London is the only city in the world to have hosted the modern Olympic games three times: 1908, 1948, and 2012. The 1948 games are sometimes referred to as the "Austerity Games," as they were held barely three years following the devastation wrought by World War II.
Neither the Germans nor the Japanese — the aggressors whose actions began the second world war — were invited. The Russians were; however, still recovering from the Nazi invasion of their country, they chose to send no athletes.
The games had not been held since 1936 in Hitler's Germany, and so they marked a kind of return to normalcy. Rubble from the German blitz on London was everywhere for the athletes to see in 1948. More than 4,100 athletes from 59 countries attended, including 438 women. It was the largest contingent of athletes ever to participate in the Olympic Games up until that time.
Unlike the lush accommodations accorded today's elite athletes, the 1948 Olympians were asked to bring their own food with them! Most were housed in former RAF military barracks from the war. Three of the 300 athletes representing the USA had Connecticut connections, and all of them won at least one medal.
Col. George Bissland Moore from Bridgeport, CT, won the silver medal in the pentathlon in the 1948 London Olympics; however, that silver medal paled in comparison to four other medals that Colonel Moore had earned in World War II: two Bronze Stars, the Purple Heart, and the Legion of Merit. Moore, a paratrooper and an artillery officer, participated in both the North African Campaign and in the invasion of Italy. Having been in battle multiple times and having been wounded, it is not likely that the pressure of Olympic competition would have bothered him at all. Still alive at 93, Colonel Moore lives in the Watermark Retirement Community in Bridgeport.
The pentathlon — consisting of running, swimming, shooting, horse jumping, and fencing — debuted 100 years ago in the 1912 Olympics, when future legendary American General George S. Patton finished fourth in the competition. In fact, military personnel from several countries — particularly from Sweden — dominated the pentathlon through the 1950s. Swedish officers completely dominated the event in the first three pentathlons by sweeping the gold, silver, and bronze medals! Colonel Moore, who later taught at West Point, is the last American to get a medal of any type in the Olympic pentathlon.
Swimming events have been part of Olympic competition since the modern renewal of the games in 1896; however, women only began competing in Olympic swimming in 1912. Whereas men competed in six swimming events, women competed in five events — the 100 backstroke, the 100 freestyle, the 200 breaststroke, the 400 freestyle, and the 4 x 100 freestyle relay. By contrast, Olympic swimmers in 2012 can compete in 17 events, including three relays.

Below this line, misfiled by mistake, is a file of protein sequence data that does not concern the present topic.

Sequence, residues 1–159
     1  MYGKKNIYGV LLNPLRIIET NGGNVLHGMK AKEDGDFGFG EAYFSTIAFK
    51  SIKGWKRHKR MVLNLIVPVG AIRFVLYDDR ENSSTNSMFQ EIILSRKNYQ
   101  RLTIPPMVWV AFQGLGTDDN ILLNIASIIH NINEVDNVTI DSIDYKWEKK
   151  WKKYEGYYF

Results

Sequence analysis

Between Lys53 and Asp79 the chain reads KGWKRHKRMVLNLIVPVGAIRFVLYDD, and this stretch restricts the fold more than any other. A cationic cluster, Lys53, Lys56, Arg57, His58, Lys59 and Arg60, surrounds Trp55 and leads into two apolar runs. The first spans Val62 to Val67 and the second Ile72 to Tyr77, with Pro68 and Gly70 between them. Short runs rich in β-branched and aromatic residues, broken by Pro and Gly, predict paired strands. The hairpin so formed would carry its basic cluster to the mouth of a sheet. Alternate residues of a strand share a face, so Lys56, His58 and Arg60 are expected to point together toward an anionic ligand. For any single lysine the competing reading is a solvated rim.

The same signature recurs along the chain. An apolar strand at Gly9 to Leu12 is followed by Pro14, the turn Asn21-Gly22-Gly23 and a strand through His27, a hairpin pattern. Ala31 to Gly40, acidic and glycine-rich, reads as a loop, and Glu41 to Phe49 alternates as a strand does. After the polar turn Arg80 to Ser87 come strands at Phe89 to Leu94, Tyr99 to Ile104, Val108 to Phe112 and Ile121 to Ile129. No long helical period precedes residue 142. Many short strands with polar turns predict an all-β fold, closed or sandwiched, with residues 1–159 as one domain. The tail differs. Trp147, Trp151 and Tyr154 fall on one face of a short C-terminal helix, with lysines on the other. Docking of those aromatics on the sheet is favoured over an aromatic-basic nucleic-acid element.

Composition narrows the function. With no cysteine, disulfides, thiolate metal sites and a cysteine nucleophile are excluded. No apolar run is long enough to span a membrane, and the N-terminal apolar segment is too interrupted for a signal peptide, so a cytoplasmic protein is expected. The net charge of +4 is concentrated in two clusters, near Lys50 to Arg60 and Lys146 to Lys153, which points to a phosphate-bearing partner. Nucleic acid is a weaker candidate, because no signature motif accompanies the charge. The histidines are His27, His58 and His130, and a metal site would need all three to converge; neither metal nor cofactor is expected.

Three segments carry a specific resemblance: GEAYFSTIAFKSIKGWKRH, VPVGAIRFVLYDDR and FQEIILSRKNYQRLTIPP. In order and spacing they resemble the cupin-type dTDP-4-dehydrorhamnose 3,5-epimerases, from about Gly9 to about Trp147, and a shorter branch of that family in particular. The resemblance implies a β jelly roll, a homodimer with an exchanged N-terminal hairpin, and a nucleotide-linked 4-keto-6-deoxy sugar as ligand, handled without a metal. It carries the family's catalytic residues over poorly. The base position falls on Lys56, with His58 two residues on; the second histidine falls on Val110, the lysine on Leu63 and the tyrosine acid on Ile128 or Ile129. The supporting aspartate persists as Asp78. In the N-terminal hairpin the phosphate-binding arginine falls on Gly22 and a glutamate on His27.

The 1948 Olympics had the exact same events for women as the 1912 games, and Marie Corridon of Norwalk, CT, won a gold medal as part of the winning American 4 x 100 freestyle relay team. Born on Feb. 5, 1930, Corridon died in Norwalk on May 26, 2010. One of her gold medal teammates, Ann Curtis of California, just died about a month ago on June 26, 2012, at the age of 86.
According to her obituary, Marie Corridon Mortell learned to swim at the Longshore Club in Westport and immediately distinguished herself. She went on to win two AAU titles in 1948. The mother of seven children, five of whom were collegiate swimmers themselves, Marie later worked for Longtime IOC President Avery Brundage as an assistant for many years. Her relay team, anchored by Ann Curtis, ran down the Danish, British, and Dutch teams in the last 15 meters in dramatic fashion to set an Olympic record in the event.
Jimmy McClane of Yale University won 2 gold and 1 silver medal at the London games of 1948. McClane also went on to win another gold medal in the 1952 Helsinki games. A middle distance specialist, McClane was part of the Yale University swimming juggernaut under legendary Coach Robert Kiphuth. Kiphuth, coach at Yale from 1917 - 1959, won an unbelievable 528 out of 540 dual meets during that time and coached several Olympic teams.McClane was one of his many star swimmers.
Under Kiphuth's tutelage, McClane won the 1,500 meter freestyle and was a member of the 4 x 200 freestyle relay, which set a world record. He also took a silver in the 400 meter freestyle. McClane's Yale team did not lose a single dual meet during his collegiate career; in fact, Yale did not lose a meet from 1945 - 1961, an amazing win streak of 201 consecutive dual meets! According to the International Swimming Hall of Fame, Jimmy McClane was the " greatest tactician" in swimming from 1944-1955.
In his final year of competitive swimming, McClane captained the 1955 American Pan-Am team and won three gold medals in that competition. Like George Moore, Jimmy is still alive and well today in his 82nd year and is undoubtedly proud of being part of a contingent of three elite athletes with strong Connecticut connections, who among them collected 3 gold and 2 silver medals at the "Austerity Games" in London in 1948.